In many ways, Secretary of Defense Leon Panetta is the antithesis of his predecessor, Robert Gates. He is a consensus-builder who tries to work with the military services rather than dictating to them. But when it comes to concerns for the future of the NATO alliance Panetta appears to be channeling Gates. In his speech today to the opening of a meeting of NATO defense ministers, Panetta added his somewhat gentler voice to that of Robert Gates regarding the danger that continuing force structure cuts will render the alliance militarily irrelevant. Gates pointed out in his June speech that the U.S. had to provide critical capabilities that allowed the NATO allies to conduct a successful air campaign. Panetta reiterated this theme, adding a very specific list of NATO shortfalls:
“NATO had a significant shortage of well-trained targeting specialists, and the United States had to make up the difference by deploying more targeters to determine the targets to be struck. In addition, shortages of supplies and munitions plagued the effort — forcing the U.S. to sell millions of dollars of ammunition, repair parts, fuel, technical assistance, and other support items simply to keep the operation going. But nowhere were the gaps more obvious than in the critical enabling capabilities: refueling tankers, provision of intelligence, surveillance, and reconnaissance platforms such as Global Hawk and Predator drones.”
Both secretaries stressed that NATO had to remedy these critical capability gaps. Panetta added a warning that in the future the U.S. military might no longer have the resources, the critical enablers, to address both NATO requirements and America’s other security needs.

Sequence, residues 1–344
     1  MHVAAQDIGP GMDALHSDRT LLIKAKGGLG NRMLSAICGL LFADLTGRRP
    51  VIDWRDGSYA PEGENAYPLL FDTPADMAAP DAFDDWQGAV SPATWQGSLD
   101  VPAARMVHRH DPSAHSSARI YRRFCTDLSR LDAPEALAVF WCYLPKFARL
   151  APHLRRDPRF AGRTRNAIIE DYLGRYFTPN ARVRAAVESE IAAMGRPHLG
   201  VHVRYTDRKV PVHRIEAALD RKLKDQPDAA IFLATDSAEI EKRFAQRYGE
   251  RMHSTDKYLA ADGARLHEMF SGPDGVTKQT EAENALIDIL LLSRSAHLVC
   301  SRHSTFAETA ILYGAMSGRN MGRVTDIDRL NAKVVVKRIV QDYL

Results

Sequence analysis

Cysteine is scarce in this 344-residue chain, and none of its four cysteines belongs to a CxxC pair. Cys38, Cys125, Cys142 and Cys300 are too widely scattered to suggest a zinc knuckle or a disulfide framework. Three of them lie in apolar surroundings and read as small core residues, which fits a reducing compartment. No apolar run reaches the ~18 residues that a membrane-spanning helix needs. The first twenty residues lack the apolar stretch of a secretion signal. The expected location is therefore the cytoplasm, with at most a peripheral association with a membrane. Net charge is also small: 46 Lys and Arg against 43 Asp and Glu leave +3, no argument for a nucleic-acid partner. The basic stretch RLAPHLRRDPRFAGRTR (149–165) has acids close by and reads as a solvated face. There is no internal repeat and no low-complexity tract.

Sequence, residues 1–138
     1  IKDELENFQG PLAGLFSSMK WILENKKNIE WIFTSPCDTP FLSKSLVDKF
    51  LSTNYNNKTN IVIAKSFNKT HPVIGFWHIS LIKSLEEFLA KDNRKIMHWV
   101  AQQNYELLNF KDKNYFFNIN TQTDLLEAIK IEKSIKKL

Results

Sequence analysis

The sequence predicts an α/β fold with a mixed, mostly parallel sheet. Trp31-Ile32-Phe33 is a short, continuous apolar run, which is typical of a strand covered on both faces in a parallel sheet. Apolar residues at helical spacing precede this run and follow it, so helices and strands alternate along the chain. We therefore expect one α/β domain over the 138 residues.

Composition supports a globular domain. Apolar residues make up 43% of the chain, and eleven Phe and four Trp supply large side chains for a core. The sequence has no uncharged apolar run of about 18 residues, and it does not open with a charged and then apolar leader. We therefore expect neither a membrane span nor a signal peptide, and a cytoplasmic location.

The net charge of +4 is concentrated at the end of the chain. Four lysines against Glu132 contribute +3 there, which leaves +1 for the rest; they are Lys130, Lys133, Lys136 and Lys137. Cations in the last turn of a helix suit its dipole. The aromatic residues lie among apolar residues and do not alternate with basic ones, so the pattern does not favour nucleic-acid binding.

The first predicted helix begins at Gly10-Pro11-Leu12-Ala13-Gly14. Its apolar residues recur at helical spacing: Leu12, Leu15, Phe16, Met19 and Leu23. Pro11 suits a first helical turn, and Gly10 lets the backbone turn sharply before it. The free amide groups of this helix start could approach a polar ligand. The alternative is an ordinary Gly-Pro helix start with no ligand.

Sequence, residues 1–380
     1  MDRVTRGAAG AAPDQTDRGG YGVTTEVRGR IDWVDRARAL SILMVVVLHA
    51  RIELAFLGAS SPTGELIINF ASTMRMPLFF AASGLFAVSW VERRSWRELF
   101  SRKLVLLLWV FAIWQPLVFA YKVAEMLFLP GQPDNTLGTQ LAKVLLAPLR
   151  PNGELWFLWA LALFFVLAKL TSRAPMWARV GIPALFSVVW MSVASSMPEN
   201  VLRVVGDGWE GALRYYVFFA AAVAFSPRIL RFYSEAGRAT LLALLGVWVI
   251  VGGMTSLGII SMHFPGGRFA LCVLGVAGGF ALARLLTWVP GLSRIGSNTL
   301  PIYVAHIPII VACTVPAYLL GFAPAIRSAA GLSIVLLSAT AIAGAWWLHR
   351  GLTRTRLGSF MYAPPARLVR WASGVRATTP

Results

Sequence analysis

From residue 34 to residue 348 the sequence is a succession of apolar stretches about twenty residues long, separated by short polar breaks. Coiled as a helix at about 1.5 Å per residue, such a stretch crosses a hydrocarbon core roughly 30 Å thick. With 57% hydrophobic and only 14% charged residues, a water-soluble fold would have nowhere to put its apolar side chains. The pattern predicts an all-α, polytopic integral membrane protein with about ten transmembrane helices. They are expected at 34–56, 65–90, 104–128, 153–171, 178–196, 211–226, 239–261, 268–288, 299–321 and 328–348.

The Libyan conflict provides important lessons not only for NATO but also for the Department of Defense (DoD) as it struggles to adapt to declining budgets. The most important of these lessons is the importance of continuing to invest in the full range of capabilities needed to field and operate a modern military. NATO had plenty of air superiority and even ground attack aircraft. But as Secretary Panetta pointed out, the U.S. had to provide capabilities that allowed those combat aircraft to conduct their missions — ISR, cruise missiles, electronic warfare, aerial refueling, precision weapons and targeters. During the drawdown of the 1990s, DoD skimped on ammunition, spare parts, medical support and maintenance. Going forward, the department must resist the temptation to retain combat systems at the expense of supporting or enabling capabilities.
The second lesson is that airpower not only can compensate for an imbalance between hostile and friendly ground forces but in many circumstances can achieve decisive results virtually on its own. This is a lesson NATO first learned in the Balkan conflicts of the 1990s, relearned in the initial phase of Operation Enduring Freedom and now has confirmed in Libya. Modern airpower is uniquely capable of empowering even extremely weak ground forces. As DoD decides how to reshape the U.S. military for the future it must look to leverage the strategic and operational advantages airpower can provide both to other U.S. forces and to our allies.
A third lesson is that in order for airpower to serve this role it is vital to establish air superiority. Once U.S. and NATO forces had destroyed Gaddafi’s air defense and command and control systems, the skies were safe for the family of U.S. drones, not only the Global Hawk and Predator, mentioned by Secretary Panetta but tactical drones such as the Fire Scout and Scan Eagle. Future air defense environments are likely to be more challenging. Consequently, DoD needs to maintain planned investments in systems that can gain and maintain air superiority, including the stealthy F-35, the long-range family of strike systems, next generation electronic warfare capabilities and a new generation of drones that can operate in contested airspace.
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